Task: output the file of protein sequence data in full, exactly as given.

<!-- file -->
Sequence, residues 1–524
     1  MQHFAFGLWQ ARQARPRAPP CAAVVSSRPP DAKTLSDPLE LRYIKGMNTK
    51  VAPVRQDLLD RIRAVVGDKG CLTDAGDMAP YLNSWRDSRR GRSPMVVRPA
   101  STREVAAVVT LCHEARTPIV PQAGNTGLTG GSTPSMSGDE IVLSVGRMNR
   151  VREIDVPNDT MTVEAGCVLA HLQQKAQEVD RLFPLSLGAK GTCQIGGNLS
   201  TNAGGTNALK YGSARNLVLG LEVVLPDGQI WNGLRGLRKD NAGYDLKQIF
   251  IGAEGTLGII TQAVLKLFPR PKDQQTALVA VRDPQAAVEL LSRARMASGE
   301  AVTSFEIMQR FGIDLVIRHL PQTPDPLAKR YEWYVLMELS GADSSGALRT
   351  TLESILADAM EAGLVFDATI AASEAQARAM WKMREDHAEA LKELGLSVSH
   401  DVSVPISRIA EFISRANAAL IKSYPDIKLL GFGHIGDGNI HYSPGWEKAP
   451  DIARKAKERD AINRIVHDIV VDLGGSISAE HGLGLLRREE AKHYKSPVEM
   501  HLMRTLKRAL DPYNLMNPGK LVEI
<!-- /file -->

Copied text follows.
Sequence, residues 1–524
     1  MQHFAFGLWQ ARQARPRAPP CAAVVSSRPP DAKTLSDPLE LRYIKGMNTK
    51  VAPVRQDLLD RIRAVVGDKG CLTDAGDMAP YLNSWRDSRR GRSPMVVRPA
   101  STREVAAVVT LCHEARTPIV PQAGNTGLTG GSTPSMSGDE IVLSVGRMNR
   151  VREIDVPNDT MTVEAGCVLA HLQQKAQEVD RLFPLSLGAK GTCQIGGNLS
   201  TNAGGTNALK YGSARNLVLG LEVVLPDGQI WNGLRGLRKD NAGYDLKQIF
   251  IGAEGTLGII TQAVLKLFPR PKDQQTALVA VRDPQAAVEL LSRARMASGE
   301  AVTSFEIMQR FGIDLVIRHL PQTPDPLAKR YEWYVLMELS GADSSGALRT
   351  TLESILADAM EAGLVFDATI AASEAQARAM WKMREDHAEA LKELGLSVSH
   401  DVSVPISRIA EFISRANAAL IKSYPDIKLL GFGHIGDGNI HYSPGWEKAP
   451  DIARKAKERD AINRIVHDIV VDLGGSISAE HGLGLLRREE AKHYKSPVEM
   501  HLMRTLKRAL DPYNLMNPGK LVEI